HTML/CSS Templates/Patterns

April 04, 2019
May 06, 2019

We're now on our way to making a real, functioning website. For the purposes of this project, we will be producing three prototype templates that would eventually become the website. Using these three templates, we would easily be able to do produce the rest of the site.

Instead of producing all of the templates at once, we'll split this assignment into 5 parts over the last part of the semester.

  1. Basic Wireframe Structure and Mockups: Week 12
  2. Patterns - Global: Week 13
  3. Patterns - Page Level: Week 14
  4. Combined Templates and Patterns - Instructor Review: Week 15
  5. Final Templates and Patterns: Finals Week

Part 1: Basic HTML Wireframes

You've already sketched out your site on paper and developed a lot of the core content. Now we need to start developing your content into HTML wireframes. The wireframes will be built mobile-first and demonstrate the content priority in each of your 3 templates.

Remember, the wireframes don't need to be "pretty" yet. We're going to create the structure first, and then slowly add style and layout (including responsive breakpoints) to our templates through CSS.

What To Do

  1. Create a new folder in your project repository and call it "prototype".
  2. Inside the folder, create three individual HTML files. One is going to be called index.html (which will be your home page template). The other two are your choice, depending on which 2 other templates are most important for your website. For example, a Product page might be considered a template. You don't have to create a separate template for each Product, since they will all follow the same basic format.
  3. Create a structure for each of the HTML pages, based on your content. Most of your sites will include the global header and footer patterns. The rest of the content elements are up to you.
  4. Use semantic HTML to mark up your content. For example, you might surround your main content using the MAIN HTML template and the header using the HEADER tag. If your site uses navigation, mark it up using an unordered list. We'll everything in the next assignments.
  5. Add real content into your 3 templates. The content should be representative of the actual content that will be on the website, not lorem ipsum. Links don't necessary need to work right now.
  6. Once you have created your three templates, create a new file called "style.css". This is where your styles will eventually go.
  7. Link your stylesheet to each of your main templates, using the code below.
  8. Add a few default styles to make your templates a bit easier to view. Use the starter CSS below.

Starter HTML Code with Stylesheet Link

Starter CSS Code for Wireframing

These styles will help give outlines to your elements. You'll delete them eventually.

Wireframe Example

Your wireframes might look something like these wireframes, used to create the RWD website.

Part 2: Prototype Patterns - Global

What To Do

Rather than styling everything at once, this week we're going to pick out "global" patterns to style first on your templates.

What do we mean by global? These are design pieces that are shared among most or every page on the website. This commonly includes:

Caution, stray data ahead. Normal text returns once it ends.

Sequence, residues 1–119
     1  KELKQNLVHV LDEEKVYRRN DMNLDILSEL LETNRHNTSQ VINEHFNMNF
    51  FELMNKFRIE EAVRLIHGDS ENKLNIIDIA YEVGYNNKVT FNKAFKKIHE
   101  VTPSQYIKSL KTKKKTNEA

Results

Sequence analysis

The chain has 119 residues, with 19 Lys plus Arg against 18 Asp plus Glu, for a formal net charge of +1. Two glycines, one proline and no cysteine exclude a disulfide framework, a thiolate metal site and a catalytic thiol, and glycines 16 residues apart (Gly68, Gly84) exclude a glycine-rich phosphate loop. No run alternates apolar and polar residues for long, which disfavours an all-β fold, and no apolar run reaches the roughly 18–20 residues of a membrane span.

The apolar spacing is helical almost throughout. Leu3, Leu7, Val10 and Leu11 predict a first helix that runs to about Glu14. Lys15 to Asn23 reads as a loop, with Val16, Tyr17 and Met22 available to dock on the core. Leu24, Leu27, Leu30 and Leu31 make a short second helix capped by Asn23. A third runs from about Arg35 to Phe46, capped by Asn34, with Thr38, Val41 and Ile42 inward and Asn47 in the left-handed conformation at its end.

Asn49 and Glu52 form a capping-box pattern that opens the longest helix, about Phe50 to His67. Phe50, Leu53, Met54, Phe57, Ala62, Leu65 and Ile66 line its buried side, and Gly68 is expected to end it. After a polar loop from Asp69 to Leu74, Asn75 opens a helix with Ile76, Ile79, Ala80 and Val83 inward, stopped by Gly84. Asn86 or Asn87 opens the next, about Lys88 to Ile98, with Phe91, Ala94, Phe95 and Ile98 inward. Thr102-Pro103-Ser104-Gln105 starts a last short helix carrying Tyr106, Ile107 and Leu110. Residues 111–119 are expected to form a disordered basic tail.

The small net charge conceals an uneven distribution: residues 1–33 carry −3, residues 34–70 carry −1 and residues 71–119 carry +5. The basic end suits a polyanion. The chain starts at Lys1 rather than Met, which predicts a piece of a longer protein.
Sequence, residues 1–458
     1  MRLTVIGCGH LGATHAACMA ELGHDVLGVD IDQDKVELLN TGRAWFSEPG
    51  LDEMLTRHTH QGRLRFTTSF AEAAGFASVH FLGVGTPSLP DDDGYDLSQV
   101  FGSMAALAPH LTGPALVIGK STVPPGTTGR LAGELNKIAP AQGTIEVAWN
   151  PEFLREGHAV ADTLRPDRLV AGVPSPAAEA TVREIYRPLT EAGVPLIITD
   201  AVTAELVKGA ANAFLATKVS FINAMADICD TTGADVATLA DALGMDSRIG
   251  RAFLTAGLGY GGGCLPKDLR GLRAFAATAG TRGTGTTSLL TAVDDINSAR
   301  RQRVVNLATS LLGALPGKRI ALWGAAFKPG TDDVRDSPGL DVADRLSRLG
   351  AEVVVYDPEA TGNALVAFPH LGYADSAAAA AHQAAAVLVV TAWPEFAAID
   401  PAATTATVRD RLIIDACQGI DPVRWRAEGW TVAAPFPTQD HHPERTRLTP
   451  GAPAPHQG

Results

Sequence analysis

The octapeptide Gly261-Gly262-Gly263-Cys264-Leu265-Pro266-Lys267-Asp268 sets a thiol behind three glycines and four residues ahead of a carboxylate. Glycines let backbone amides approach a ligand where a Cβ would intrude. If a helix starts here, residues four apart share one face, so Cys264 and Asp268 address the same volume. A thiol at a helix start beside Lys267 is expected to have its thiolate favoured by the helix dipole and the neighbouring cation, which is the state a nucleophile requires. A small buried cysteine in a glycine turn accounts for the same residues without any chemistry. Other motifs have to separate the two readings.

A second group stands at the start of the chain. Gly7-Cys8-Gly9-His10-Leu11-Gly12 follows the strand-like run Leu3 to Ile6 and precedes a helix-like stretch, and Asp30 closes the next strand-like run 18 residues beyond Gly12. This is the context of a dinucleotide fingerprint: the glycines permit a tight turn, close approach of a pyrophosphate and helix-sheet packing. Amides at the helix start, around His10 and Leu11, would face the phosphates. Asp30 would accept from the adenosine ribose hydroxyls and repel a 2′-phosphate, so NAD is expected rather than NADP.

Using the stylesheet you've already created and your 3 "wireframe" templates, focus on styling these components for this week. You will review these with both the instructor and class.

Part 3: Prototype Patterns - Page Level Components

For this week, we're going to dive into the specific components that make up the core of each page or template. These might be considered molecules or organisms in atomic design.

Specific page-level components could include:

  1. A hero image or slider
  2. A food menu item
  3. An embedded video or map
  4. A calendar or event item
  5. A news story or blog post
  6. Promo blocks/photos

These will vary depending on what components make up your individual templates.

Focus on styling and adding any appropriate JavaScript for these patterns for this week, adding on to the stylesheet you've already created. You will review these with both the instructor and class.

Part 4: Combined Templates and Patterns: Instructor Review

For this week, take both the global patterns and components that you've already developed and refine them into a cohesive, working design.

The instructor will individually review these templates with you and give feedback.

You'll also use these for usability, accessibility and technical testing, so they have to be functional and working.

After this week, you'll have one week left to refine them.

Part 5: Final Templates and Patterns

The finalized working templates (including the feedback you've received so far) are due in class today. You'll demonstrate them along with your Project Hub and Pattern Lab in the Review Session during finals week.

How to Turn In the Assignment

You'll be submitting your templates via your GitHub repository. You'll simply update the same files each week as you progress.

  1. Make sure your three templates are placed in the "templates" folder
  2. On your root index.html file, which is the Project Hub, add an H2 with Date: Templates.
  3. Add a link to your three templates under the Templates section. Name each link with the title of the template, for example "Product Page Template".
  4. After you've committed and synced your changes via GitHub Desktop, you can submit both the timeline hyperlink and the link your three templates via Blackboard Learn. Note: Don't link to the local version on your computer. You need to access the live version on the web with the URL.


Use the following rubric to ensure you receive the highest possible grade for the assignment:

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